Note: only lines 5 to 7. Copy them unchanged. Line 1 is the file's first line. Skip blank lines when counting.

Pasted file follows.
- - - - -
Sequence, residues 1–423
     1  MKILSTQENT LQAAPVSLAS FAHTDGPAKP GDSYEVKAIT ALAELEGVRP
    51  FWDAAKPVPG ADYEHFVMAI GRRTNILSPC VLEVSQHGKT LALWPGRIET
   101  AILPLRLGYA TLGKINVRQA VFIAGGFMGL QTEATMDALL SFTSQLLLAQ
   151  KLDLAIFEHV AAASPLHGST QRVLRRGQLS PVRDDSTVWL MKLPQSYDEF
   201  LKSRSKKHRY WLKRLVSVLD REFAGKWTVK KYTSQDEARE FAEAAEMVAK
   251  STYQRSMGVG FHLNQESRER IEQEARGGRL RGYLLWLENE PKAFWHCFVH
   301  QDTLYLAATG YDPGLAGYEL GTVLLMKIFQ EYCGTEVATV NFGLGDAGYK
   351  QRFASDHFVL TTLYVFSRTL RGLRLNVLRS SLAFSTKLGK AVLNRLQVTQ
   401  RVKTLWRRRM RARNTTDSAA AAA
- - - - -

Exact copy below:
   151  KLDLAIFEHV AAASPLHGST QRVLRRGQLS PVRDDSTVWL MKLPQSYDEF
   201  LKSRSKKHRY WLKRLVSVLD REFAGKWTVK KYTSQDEARE FAEAAEMVAK
   251  STYQRSMGVG FHLNQESRER IEQEARGGRL RGYLLWLENE PKAFWHCFVH